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Local Appetite Key to Fixing School Lunch


The conference was the Centers for Disease Control's inaugural national obesity meeting. (Weight of the Nation)

As Congress moves to reauthorize childhood nutrition programs this summer, Capitol Hill is abuzz with talk of new national standards to get junk food out of schools. But at this week's Weight of the Nation conference, held at the Omni Shoreham Hotel here, a panel of experts emphasized the importance of local efforts to improve school lunch.

"Grass-roots buy-in is as important as state policy," Barbara Fish told an audience.

Fish, a member of the West Virginia board of education, should know. In 2005, the board established statewide standards for foods and beverages sold to students in schools. In 2008, she led the effort to meet strict Institute of Medicine rules – no snacks with more than 35 percent of calories from fat, for example – and mandate enforcement.

National and state policies are important. But Fish said the key to success in West Virginia is indoctrinating school principals, teachers and parents. Principals create the culture of a school, she said. Nutrition directors ultimately decide whether there will be greasy, fatty pizza or fresh, wholesome versions students still want to eat. Though West Virginia mandates that all schools meet the new standards, parents are often best at ensuring the rules are followed.

Nutritionist Deanna M. Hoelscher agreed. As director of the Michael & Susan Dell Center for Advancement of Healthy Living in Austin, Tex., she works closely with school districts and individual schools. Indeed, Hoelscher says that, in order for the effort to succeed, the entire community must support healthful eating. There can be only fresh fruit and healthful snacks in schools, but "if stores sell junk food and soda and kids can walk across the street and get it, it won't work," she said.

Fish and Hoelscher's comments support my reporting on school lunch reform. Yes, stricter standards are important. And yes, more money for school lunch would be terrific. But dynamic, creative teachers and food-service directors seem to make more of a difference. That's why we're seeing huge changes in Baltimore where Tony Geraci runs the school food service and progressive programs in Burlington, Vt., where Doug Davis runs the show.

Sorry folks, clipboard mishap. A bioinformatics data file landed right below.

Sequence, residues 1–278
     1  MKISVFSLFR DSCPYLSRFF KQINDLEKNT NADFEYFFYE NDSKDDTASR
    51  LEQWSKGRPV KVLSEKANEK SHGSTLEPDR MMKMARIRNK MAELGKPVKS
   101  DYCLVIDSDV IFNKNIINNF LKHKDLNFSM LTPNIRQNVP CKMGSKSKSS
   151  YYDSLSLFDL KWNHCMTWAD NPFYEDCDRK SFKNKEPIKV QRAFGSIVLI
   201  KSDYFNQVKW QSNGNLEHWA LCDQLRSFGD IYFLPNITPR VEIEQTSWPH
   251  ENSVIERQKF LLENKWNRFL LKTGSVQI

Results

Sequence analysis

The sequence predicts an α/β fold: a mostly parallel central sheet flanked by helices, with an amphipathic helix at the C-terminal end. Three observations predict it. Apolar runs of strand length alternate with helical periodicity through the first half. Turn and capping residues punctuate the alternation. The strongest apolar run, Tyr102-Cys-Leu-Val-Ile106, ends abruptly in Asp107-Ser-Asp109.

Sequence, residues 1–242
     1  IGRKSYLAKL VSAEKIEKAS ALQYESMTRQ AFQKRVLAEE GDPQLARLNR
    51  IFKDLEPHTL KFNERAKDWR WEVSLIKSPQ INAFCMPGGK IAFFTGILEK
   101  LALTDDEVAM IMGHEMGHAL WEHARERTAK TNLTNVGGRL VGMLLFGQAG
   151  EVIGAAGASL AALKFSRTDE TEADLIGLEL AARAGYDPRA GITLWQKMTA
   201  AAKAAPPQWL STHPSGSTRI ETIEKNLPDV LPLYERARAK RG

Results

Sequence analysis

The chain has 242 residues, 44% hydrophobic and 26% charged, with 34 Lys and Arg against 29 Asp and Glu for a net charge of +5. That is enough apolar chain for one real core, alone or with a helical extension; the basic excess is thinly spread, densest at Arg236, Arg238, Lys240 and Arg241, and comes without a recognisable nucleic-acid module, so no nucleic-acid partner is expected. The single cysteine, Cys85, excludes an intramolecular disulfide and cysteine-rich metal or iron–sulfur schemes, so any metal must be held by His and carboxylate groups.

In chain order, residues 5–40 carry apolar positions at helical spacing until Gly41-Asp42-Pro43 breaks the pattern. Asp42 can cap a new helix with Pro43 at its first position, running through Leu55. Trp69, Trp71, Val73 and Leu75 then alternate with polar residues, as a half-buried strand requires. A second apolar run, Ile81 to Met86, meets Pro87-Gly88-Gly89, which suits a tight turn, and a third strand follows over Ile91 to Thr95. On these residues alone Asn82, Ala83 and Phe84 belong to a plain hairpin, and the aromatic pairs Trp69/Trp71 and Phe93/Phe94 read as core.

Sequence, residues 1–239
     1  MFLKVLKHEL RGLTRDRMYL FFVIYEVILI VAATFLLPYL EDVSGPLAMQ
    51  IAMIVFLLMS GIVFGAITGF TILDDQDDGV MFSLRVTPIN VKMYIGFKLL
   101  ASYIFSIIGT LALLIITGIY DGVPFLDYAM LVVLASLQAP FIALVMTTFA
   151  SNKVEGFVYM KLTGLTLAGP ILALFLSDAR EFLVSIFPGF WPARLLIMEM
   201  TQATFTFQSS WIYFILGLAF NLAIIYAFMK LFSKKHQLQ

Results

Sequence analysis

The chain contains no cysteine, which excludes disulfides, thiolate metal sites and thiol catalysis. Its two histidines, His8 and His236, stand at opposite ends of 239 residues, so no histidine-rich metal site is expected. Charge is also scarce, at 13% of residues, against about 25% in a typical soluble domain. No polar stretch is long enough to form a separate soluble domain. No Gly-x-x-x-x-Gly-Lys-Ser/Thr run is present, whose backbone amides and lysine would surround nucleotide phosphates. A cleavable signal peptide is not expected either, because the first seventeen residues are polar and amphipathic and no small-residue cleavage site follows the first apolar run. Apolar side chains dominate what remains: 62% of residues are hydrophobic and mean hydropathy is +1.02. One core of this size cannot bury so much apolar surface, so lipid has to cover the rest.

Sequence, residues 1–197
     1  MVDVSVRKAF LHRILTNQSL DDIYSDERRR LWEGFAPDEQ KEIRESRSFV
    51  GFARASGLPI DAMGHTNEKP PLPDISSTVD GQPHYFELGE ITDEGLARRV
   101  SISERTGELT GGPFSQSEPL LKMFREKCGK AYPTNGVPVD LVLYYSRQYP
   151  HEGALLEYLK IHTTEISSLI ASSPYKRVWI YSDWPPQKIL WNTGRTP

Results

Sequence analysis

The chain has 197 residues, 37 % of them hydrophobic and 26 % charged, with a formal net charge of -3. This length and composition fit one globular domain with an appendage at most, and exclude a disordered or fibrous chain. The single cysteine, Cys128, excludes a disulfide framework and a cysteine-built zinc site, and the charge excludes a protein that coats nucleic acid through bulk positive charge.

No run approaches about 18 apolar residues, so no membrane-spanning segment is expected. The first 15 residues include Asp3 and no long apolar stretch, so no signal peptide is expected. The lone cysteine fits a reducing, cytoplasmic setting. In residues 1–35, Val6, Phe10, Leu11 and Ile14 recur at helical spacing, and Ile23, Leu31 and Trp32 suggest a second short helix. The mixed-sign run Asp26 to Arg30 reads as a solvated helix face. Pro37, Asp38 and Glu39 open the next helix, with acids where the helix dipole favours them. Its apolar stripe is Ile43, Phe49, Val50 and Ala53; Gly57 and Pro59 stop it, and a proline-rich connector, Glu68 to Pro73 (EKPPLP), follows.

It makes me wonder: Maybe we shouldn't be talking about more money for school lunches but more money for "lunch ladies." Washington D.C. Schools Chancellor Michelle A. Rhee has made a strong case that cities can attract better teachers when they pay them competitive wages. Isn't the same true for the people who decide what kids should eat? What do you think?

-- Jane Black

By Jane Black  |  July 28, 2009; 4:00 PM ET
Categories:  Food Politics  | Tags: Jane Black, nutrition, school lunch  
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Comments

$1.25 per meal

That's what the San Francisco Unified School district has to spend on school lunches.

For $2.00 per meal a local company that already serves many San Francisco private schools will deliver freshly-prepared, organic, nutritious meals. That's only 75 cents more and we can't afford it.

At my daughter's school, a federal program brings in a nutritionist once a week to teach the kids about healthy eating. It funds family education about healthy meal preparation and we receive an endless stream of paper encouraging us to feed our kids well. Meanwhile the school district doesn't have the money to actually feed the kids what they are telling them they should eat. They get greasy spaghetti and microwaved burritos.

We need more money to feed kids fresh food.

Posted by: margiewylie | July 29, 2009 7:37 PM | Report abuse

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